By him therefore let us offer the sacrifice of praise to God continually, that is, the fruit of our lips
giving thanks to his name.
"  We need to apply that scripture to our everyday lives, making sure that we speak God's
praises every chance we get.  We need to tell people about all the great things He's doing for us; we need to thank
Him; we need to tell Him we love Him.  In our hearts and with our mouth, we should go through our days saying, "Lord, I
love You.  Thank You so much for everything You're doing in my life.  Lord, I praise You for taking care of my family
today.  Lord, I even thank You that we have electricity and hot water.  Lord, I praise You for working everything out for
my good in every situation."  We need to be people of praise, acknowledging God "constantly and at all times,"
continually offering up to Him the sacrifice of praise.  If we are doing nothing more than sitting at lunch with a friend
and speaking about some wonderful things God has done, we are praising Him.  In fact, the Bible says God likes those
conversations and when He hears them, He gets out His book of remembrance and records them, "
Then they that
feared the LORD spake often one to another: and the LORD hearkened, and heard it, and a book of remembrance
was written before him for them that feared the LORD, and that thought upon his name.
"  Malachi 3:16

With hearts full of love and praise, yielded to the Lord, the Holy Spirit can manifest Himself and make known God's will
and leading for His children's lives.


Vine's Expository Dictionary of Old and New Testament Words says, "The worship of God is nowhere defined in
Scripture."  It probably is not defined because it cannot be defined.  Worship is so deep; it is so precious and so
awesome and it comes from such a deep place within us; it is such a powerful outpouring of our hearts toward the Lord
and it represents such love, gratitude, and devotion that we cannot put it into words.  Human language is not rich
enough to describe everything that true worship is.  In fact, worship is so personal and so intimate that maybe we
should even not attempt to limit or define it with our words.

However, in the absence of a definition of worship,
Vine's Expository Dictionary of Old and New Testament Words
does say that worship "is not confined to praise; broadly, it may be regarded as the direct acknowledgement to God, of
His nature, attributes, ways and claims" and that it can mean "to serve," or to "do service to."  some sources also say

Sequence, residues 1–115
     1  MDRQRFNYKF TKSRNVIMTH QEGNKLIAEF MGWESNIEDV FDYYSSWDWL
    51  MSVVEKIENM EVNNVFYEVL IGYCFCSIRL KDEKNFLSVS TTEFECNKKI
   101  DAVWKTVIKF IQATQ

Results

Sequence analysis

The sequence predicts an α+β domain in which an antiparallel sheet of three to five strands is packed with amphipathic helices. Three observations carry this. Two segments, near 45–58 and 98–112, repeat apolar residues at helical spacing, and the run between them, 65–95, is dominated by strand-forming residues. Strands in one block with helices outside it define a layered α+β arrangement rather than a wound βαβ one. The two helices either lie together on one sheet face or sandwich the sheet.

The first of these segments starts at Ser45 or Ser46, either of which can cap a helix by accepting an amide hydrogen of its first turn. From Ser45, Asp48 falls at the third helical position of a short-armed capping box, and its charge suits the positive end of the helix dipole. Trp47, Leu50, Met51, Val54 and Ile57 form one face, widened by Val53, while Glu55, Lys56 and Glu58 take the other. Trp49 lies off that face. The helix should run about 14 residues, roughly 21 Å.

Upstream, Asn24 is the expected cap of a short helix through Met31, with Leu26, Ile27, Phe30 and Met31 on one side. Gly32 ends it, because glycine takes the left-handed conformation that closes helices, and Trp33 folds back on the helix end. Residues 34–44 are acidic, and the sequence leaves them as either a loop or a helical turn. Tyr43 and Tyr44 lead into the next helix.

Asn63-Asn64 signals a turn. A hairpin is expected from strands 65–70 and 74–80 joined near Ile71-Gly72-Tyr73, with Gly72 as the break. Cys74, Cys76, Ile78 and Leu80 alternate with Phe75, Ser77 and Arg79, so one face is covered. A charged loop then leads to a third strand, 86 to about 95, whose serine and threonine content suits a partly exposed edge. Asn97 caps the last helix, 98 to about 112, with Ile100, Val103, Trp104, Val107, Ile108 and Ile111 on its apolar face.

that to worship means "to kiss," which connotes great affection and intimacy.  The scriptures are clear in their
instructions and observations about worship, for example:

Give unto the LORD the glory due unto his name: bring an offering, and come before him; worship the
LORD  in the beauty of holiness.
 1 Chronicles 16:29

O come, let us worship and bow down: let us kneel before the LORD our maker.  Psalm 95:6

Exalt the LORD our God, and worship at his holy hill; for the LORD our God is holy.  Psalm 99:9

I will worship toward thy holy temple, and praise thy name for thy lovingkindness and for thy truth:  for
thou hast magnified thy word above all thy name.
 Psalm 138:2

The Posture of Power

Like praise, worship is so much more than just singing songs.  In fact, worship is a condition of heart and a state of
mind.  We can be worshipping passionately without singing a single note.  Worship is born in our hearts; it fills our
thoughts and it is expressed through our mouths and through our bodies: we can worship God by dancing, clapping,
lifting our hands, playing an instrument, giving offerings, marching around, or sitting perfectly still, but our actions or
our positions are simply reflections of what is in our hearts.  

One posture that is often used in worship and in prayer is kneeling.  Kneeling is a posture of humility, but it is also a
position of incredible power.  As an act of humility, kneeling affects us in a positive way because it allows us physically
to express our heart's cry of total dependence upon the Lord.  To kneel is to say to Him, "I need You, God.  I'm